The Shrine of the B¡b, the burial place of one of the Founders of the Bah¡'- Faith, on Mount Carmel in Haifa, Israel.
©Bahá'Ã- International Community

One of the most persistent problems facing the world today is religious strife – a truism that has never been more true. On the local level, Santa Barbara religious groups have worked hard to foster an interfaith community, putting on events like the Interfaith Thanksgiving and the Interfaith Seder, both of which were covered by Your Worship.

Despite these efforts to reach out to members of other religions, however, only one monotheistic faith has truly attempted to reconcile every major world religion. That is the Bah¡’- Faith, which recognizes the prophets of all other religions as Messengers of God, and the beliefs of all other religions as being an aspect of the truth.

The Bah¡’- Faith began in Iran in the 19th century as a sect of Islam. While certain interesting remnants of Islam remain in the Bah¡’- Faith – such as a prohibition against publicly displaying images of the religion’s founder, Bah¡’u’ll¡h, which is reminiscent of Islam’s ban on images of the Prophet Muhammed – Bah¡’- quickly developed into a religion very different from the Muslim faith.

The overriding principle of Bah¡’-, if it were possible to express an entire religion in one word, might be unity. Global oneness and peace between all is the long-term goal of the Bah¡’- Faith, and total equality between everyone, regardless of race, gender, or location, seems to be the slightly shorter-term goal toward which the followers of the Bah¡’- Faith are working.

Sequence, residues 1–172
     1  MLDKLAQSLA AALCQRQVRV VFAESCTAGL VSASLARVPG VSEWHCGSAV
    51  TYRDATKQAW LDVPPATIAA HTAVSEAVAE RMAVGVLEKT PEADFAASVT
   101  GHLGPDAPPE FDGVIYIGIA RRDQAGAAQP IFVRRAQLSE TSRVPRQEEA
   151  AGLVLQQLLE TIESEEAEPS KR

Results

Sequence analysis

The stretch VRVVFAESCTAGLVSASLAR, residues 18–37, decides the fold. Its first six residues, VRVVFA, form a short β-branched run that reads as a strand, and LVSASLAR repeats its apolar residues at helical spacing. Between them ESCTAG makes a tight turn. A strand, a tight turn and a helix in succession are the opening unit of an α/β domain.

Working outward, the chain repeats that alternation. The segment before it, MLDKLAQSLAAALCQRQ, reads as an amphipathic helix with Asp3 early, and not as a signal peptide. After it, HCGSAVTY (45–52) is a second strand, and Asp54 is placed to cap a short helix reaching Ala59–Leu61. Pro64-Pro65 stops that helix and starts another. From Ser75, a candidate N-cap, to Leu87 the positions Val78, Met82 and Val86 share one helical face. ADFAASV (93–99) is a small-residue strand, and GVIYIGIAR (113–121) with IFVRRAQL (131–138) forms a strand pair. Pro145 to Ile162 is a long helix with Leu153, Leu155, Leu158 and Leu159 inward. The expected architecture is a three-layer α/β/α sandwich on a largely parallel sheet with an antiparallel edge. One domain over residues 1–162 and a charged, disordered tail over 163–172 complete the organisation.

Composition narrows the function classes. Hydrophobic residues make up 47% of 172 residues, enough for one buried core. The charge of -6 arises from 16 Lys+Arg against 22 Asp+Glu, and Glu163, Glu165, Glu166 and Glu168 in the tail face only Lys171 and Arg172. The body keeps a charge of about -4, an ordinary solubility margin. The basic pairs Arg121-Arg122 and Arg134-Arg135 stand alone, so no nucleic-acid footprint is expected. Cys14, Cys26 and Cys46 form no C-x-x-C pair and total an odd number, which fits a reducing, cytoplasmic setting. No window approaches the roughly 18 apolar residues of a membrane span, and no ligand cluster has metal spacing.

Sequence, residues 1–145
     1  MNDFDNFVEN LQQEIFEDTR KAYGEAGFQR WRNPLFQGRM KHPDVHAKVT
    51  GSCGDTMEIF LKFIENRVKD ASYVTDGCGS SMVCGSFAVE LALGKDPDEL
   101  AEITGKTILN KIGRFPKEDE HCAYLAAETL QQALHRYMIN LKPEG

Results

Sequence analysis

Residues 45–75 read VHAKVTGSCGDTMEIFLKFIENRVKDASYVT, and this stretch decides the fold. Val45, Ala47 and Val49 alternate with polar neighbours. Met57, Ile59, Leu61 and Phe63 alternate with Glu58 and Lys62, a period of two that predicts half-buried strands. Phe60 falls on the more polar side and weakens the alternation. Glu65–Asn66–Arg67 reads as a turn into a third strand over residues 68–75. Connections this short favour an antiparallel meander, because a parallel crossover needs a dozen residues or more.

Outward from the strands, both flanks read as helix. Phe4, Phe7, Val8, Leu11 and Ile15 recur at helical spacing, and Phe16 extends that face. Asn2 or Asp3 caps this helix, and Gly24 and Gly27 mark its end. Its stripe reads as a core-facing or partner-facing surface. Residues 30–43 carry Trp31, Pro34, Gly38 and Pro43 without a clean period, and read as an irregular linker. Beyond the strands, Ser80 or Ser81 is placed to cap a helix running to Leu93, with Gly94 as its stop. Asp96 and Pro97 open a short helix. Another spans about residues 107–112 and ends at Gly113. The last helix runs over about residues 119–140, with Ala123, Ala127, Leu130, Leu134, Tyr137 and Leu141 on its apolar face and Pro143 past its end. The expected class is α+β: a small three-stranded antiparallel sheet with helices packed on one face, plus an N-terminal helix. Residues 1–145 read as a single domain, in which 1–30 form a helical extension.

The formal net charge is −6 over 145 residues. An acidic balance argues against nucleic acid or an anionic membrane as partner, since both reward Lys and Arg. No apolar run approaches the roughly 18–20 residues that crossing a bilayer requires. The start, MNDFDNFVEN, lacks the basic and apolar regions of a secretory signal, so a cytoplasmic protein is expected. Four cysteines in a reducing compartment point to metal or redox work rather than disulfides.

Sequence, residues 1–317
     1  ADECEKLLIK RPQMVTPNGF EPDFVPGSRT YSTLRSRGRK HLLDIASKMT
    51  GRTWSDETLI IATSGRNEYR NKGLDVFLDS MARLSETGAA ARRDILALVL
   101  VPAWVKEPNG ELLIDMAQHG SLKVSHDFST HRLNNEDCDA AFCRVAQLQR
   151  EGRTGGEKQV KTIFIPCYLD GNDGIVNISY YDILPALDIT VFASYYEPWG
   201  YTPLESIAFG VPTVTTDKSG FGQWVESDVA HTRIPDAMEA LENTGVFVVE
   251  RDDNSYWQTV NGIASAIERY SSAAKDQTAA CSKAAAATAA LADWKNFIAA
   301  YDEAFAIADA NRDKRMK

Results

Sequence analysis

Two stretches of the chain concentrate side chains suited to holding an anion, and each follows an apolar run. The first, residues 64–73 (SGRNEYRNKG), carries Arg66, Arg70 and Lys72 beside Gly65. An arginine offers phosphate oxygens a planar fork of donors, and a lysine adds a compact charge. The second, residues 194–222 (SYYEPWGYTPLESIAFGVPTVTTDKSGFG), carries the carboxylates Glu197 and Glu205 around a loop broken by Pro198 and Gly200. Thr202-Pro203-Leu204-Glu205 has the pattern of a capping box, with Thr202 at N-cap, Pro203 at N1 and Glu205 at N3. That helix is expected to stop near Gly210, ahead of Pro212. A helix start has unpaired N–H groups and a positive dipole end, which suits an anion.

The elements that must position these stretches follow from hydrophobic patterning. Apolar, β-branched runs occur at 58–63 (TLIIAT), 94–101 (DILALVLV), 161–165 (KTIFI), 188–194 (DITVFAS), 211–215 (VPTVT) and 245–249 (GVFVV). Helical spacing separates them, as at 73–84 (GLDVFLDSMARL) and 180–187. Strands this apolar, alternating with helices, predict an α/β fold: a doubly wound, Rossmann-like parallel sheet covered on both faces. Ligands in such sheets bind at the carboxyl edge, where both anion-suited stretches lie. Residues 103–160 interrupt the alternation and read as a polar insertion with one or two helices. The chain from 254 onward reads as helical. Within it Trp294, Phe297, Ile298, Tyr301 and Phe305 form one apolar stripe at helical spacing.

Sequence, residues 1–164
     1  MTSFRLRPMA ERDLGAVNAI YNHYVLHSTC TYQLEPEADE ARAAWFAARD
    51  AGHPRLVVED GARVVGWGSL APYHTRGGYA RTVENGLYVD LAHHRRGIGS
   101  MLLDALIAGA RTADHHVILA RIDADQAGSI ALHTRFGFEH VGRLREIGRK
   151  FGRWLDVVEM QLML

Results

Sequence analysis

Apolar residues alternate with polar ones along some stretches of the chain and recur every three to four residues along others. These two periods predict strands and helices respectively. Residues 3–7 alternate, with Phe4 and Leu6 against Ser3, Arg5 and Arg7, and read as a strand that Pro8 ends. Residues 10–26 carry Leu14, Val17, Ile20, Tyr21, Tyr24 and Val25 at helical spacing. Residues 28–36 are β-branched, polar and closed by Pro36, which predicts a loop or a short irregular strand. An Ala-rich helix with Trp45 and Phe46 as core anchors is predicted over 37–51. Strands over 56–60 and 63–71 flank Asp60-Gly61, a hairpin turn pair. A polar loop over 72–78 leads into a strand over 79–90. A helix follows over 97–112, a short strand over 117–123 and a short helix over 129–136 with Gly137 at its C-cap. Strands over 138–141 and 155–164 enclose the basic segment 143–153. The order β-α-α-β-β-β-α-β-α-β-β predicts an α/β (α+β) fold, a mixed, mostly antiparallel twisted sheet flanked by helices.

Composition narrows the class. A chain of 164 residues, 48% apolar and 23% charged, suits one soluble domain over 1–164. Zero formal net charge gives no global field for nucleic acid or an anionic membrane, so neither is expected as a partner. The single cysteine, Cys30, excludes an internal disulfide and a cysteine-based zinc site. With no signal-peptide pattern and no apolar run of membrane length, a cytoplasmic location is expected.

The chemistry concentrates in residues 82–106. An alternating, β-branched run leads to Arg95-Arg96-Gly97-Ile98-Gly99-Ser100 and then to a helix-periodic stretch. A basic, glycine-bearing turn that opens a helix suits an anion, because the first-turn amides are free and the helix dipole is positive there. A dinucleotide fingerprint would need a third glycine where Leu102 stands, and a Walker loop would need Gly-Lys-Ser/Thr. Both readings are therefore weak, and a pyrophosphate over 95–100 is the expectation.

The Bah¡'- House of Worship in Wilmette, Illinois, U.S.A.
©Bahá'Ã- International Community

In keeping with these goals – which those of the Bah¡’- Faith are well aware will not come about through prayer alone – Bah¡’- houses of worship are not just a place to gather for worship services. Instead, they are multi-functional buildings with space for community activities. The buildings themselves are distinctive, nine-sided, and with a central dome. The number nine is important within the Bah¡’- Faith; administrative groups within the religion are also composed of nine individuals. Within the Bah¡’- Faith, the number represents unity and togetherness.

One of the most interesting aspects of the Bah¡’- Faith is the religion’s mix of what might be thought of as progressive ideology with other, fairly conservative ideas. The Bah¡’- Faith takes a traditional view of marriage, for example, and officially disapproves of homosexuality and extramarital sex. At the same time, one of the Faith’s most important tenets is an insistence on the equal rights of women in all contexts. These facets of the Bah¡’- Faith are only contradictory when viewed in terms of stereotypical two-party American politics, but it takes a moment of mental readjustment to reconcile the Bah¡’- Faith’s beliefs, nonetheless.

In Santa Barbara, the Bah¡’- Faith can be reached by calling 965-3246 or by visiting


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